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Carrie Johnson

Christopher Wray's friends and mentors use one word to describe him: steady.

That trait could come in handy at the Federal Bureau of Investigation, where employees have been reeling since President Trump fired Director James Comey two months ago.

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Robert Mueller has made no public comment since he was named to lead the Department of Justice investigation into Russian interference in last year's election.

Instead, he has let his actions do the talking. The former FBI director and decorated U.S. Marine has submitted a budget and quietly hired an all-star team that includes 15 Justice Department prosecutors. And, a spokesman for Mueller said, he's not done bringing on new lawyers.

Five years ago, the Justice Department concluded that juvenile courts in Memphis, Tenn., failed to give due process to children.

Civil rights investigators uncovered significant racial disparities, and they reached a deal to fix some of those failings.

John Huber is a career prosecutor in Utah who's served in both Democratic and Republican administrations. This month, the Trump White House nominated him to serve as a U.S. attorney in that state.

But it came as something of a surprise to current and former Justice Department veterans Wednesday when Huber appeared for a news conference in Washington: not in the halls of Justice, but at the White House podium.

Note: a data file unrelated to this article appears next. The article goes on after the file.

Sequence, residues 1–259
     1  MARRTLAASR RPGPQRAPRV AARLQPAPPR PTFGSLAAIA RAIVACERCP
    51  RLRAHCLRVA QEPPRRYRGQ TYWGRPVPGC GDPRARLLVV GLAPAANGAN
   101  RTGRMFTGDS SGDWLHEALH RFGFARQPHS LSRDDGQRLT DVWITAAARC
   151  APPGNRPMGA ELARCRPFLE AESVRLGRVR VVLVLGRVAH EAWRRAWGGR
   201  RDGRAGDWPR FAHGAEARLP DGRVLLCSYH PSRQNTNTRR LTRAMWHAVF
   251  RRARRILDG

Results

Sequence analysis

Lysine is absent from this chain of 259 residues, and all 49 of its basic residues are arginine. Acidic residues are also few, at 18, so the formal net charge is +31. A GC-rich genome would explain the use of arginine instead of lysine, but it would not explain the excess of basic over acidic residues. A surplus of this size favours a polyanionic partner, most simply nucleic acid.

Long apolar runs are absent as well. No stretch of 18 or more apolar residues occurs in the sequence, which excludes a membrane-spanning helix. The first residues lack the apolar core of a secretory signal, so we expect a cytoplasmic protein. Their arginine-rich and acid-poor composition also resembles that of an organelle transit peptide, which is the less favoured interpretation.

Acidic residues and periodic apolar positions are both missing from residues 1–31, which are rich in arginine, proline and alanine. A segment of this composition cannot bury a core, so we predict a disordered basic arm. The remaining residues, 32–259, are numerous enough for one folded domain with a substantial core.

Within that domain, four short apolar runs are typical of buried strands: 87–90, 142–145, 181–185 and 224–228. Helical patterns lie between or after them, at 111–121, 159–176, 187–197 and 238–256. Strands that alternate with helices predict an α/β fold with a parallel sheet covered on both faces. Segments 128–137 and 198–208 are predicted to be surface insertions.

Running the Justice Department presents a challenge in any administration. But the Trump era is different.

In just five months, Justice leaders have been under heavy pressure, on everything from the travel ban to the Russia investigation. And one man, Deputy Attorney General Rod Rosenstein, is bearing the weight.

Here's something you need to know about Rosenstein: He's worked at the Justice Department for his entire career, nearly 27 years.

Last year, Rosenstein told NPR the advice he gives younger lawyers.

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RACHEL MARTIN, HOST:

The Trump White House had been considering Robert Mueller as a top candidate to lead the FBI before the deputy U.S. attorney general changed course and tapped Mueller to serve as special counsel investigating Russian interference in last year's election, two sources familiar with the process told NPR.

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TV networks have deployed countdown clocks. People are tweeting about places to watch and whether they'll offer morning cocktail specials. Congressional aides report that demand for seats inside the Senate hearing room has reached levels not seen for decades.

Anticipation is building for testimony from fired FBI Director James Comey, not least in the White House, where the president and his aides worry the telegenic former law enforcement leader could inflict both political and legal wounds.

What Comey might say

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